An Essay Towards A Topographical History of the County of Norfolk: Volume 5. Originally published by W Miller, London, 1806.
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The church is dedicated to All the Saints; the advowson belonged to Forncet manor, till sold from it lately. When Norwich Domesday was made, the rector had a house and 16 acres of glebe; (fn. 1) the house is situate against the churchyard, and much the same quantity of glebe now remains. It was first valued at five, after at eight marks, and the monks of Thetford had a portion of tithes valued at 6s. 8d. It pays 4d. ob. synodals, and 1s. procurations, the old carvage was 3d. and Peter-pence 5d. ob. and the whole village paid 2l. 6s. 8d. clear to every tenth.
Eliz. Baspoole, widow, tied her estate in Wacton, now Mr. Joseph Cotman's of Great Yarmouth, for ever to pay 2l. 12s. yearly, to be given weekly at church, by 1s. a week in bread, to such poor people of the parish as constantly attend there.
Rectors of Great-Wacton.
Edm. Pooley, A. M. who had intruded during the rebellion, took institution, at the presentation of Sir William Platers and Sir Richard Onslow, Knts. trustees to the Norfolk family; at Pooley's death in 1697,
Is the only manor in this parish, except the parts belonging to Forncet, and to the honour of Richmond, (fn. 2) (of which this manor is held,) and to the honour of Eye, (fn. 3) both which extended hither; and the Duke of Norfolk, as lord of Forncet, and the lord of the honour of Richmond, are superiour lords of the commons and wastes, and had their letes here, though there is a lete belonging to this manor, the jurisdiction of which, extends to the tenants of the manor only, as the other letes do over the several tenants of the honours.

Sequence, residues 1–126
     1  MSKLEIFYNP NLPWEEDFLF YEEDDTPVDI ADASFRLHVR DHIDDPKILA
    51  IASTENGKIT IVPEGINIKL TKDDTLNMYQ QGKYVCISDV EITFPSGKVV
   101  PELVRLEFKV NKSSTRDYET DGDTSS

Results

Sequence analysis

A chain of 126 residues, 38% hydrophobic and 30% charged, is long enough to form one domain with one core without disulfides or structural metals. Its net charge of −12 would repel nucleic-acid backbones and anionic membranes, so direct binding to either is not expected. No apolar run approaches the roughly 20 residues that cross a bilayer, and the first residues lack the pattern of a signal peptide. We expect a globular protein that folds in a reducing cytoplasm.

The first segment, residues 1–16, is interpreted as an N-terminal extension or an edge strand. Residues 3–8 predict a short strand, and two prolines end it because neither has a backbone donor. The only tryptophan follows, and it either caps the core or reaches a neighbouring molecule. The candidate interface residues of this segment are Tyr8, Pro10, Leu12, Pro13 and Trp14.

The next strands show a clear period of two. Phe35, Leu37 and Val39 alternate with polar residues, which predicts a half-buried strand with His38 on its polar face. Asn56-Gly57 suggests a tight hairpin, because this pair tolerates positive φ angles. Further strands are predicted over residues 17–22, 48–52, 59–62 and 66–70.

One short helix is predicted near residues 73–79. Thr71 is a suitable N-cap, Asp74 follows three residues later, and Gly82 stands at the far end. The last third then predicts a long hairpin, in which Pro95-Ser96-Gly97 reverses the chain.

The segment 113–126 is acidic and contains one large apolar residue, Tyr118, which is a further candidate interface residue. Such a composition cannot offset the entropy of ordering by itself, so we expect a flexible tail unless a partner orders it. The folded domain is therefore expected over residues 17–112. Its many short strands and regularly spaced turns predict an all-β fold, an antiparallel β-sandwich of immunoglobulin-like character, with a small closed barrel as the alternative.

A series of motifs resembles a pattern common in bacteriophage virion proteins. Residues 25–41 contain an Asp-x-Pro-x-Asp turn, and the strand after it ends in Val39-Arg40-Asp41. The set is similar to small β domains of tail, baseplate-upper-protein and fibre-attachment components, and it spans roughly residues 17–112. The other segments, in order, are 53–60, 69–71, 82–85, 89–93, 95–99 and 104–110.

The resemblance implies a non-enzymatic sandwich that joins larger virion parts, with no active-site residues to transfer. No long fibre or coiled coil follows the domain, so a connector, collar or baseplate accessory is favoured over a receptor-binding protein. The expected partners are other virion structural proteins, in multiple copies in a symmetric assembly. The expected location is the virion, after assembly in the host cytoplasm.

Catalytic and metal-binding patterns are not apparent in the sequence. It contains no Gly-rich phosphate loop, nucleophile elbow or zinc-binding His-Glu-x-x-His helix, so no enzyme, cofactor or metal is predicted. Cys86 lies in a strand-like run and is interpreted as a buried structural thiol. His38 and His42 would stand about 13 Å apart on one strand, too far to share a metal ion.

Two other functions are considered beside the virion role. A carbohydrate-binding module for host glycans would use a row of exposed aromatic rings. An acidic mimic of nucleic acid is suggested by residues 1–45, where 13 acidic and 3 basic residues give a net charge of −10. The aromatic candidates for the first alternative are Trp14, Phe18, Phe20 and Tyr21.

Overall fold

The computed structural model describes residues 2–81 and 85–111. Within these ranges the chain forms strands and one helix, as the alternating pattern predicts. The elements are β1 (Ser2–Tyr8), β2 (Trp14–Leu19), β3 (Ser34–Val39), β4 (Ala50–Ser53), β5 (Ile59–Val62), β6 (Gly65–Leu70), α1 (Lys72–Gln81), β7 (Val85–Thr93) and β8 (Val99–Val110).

In 1235, Walter de Walys owned it, who was succeeded by Thomas de Camera or Chambers of Baketon, who in 1285, had lete or view of frankpledge, and assize of bread and ale of all his tenants here, by the King's grant; (fn. 4) this lete belonged to the King's hundred, and therefore the lord was obliged to pay 6d. per annum fee-farm for it, to the bailiff of the hundred. In 1298, Thomas son of Will. de la Chambre settled it on William Carleton, who resettled it on the said Thomas and Isabell his wife, in tail: it had then 130 acres, one mill, and 16 messuages belonging to it, and extended into Aslacton, Stratton, and Forncet. In 1315 the said Thomas was lord, and after him it came to the Parks, and passed with the manor of Park's in Aslacton, as at p. 177, 8, and so to the Dukes of Benhale in Suffolk, and after the death of that Sir Edward Duke who sold Aslacton, it went to
Sir John Duke, his son, who served as member of parliament for Orford in Suffolk. He married Eliz. daughter and coheir of Edward Duke, M. D. by whom he had four daughters: 1, Eliz. who died young; 2, Jane, married to John Brame of Campsey-Ash; 3, Anne, to Thomas Tirrel, Esq. of Gipping; and 4, Arabella, to Maurice Shelton of Barningham, Esq. and one son,
Sir Edward Duke, Bart. (fn. 5) who married Mary, daughter of Thomas Rudge of Staffordshire, but dying without issue, he gave it to his sister's son,
Greshaugh, La Vile's, or Bacon's Manor,
And anciently belonged to Richard la Vile; and in 1306, to Margery, widow of Walter le Waleys, and soon after to John de Dunhodde and Isabel de Haggele; in 1345, Thomas Grey, chaplain, and his parceners, had it; in 1370, Robert Bacon of Dickleburgh, lord of it, was outlawed for felony, and it was seized by the King, but Joan his wife recovered it, and held it in 1391, and at her death it went to the Crown, and was purchased by the lord of Park's manor, and joined to it, and so continues.
Hic jacet Abigail Sedley Vid: Filia Johannes Knyvet de Ashwould-thorp Armigeri, et nuper Uxor Martini Sedley de Morley Armigeri, (fn. 6) quæ diem obijt 15 Decem. Ao D. 1623.
Mallom, John (fn. 7) of Wacton, Gent. had a grant of arms anno 1685, viz.
Hic jacet Corpus Elizæ. Uxoris Johannis Mallom Generosi, et Filiæ Thomæ Stone Generosi, et Etheldredæ Uxoris ejus quæ obijt 12mo Die Sept. A. D. 1684. Etiam predictus Johannes Mallom obijt Aug. A. D. 1687.